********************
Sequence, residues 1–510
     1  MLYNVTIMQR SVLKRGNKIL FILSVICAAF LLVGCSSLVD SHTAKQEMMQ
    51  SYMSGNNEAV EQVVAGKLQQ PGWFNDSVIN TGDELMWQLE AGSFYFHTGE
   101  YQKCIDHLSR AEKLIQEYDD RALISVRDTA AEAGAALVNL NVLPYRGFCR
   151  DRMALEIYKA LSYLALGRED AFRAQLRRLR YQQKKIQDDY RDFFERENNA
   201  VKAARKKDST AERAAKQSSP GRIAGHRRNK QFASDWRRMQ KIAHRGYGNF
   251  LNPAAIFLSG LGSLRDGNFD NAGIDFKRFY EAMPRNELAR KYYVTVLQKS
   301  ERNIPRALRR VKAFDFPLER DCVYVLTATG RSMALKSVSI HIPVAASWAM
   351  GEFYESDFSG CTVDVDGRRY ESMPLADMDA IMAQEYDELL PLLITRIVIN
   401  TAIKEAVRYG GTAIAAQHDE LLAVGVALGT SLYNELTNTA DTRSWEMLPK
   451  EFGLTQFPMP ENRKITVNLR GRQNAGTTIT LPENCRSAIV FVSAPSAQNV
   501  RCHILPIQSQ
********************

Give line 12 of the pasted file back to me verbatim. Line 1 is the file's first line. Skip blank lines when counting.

   501  RCHILPIQSQ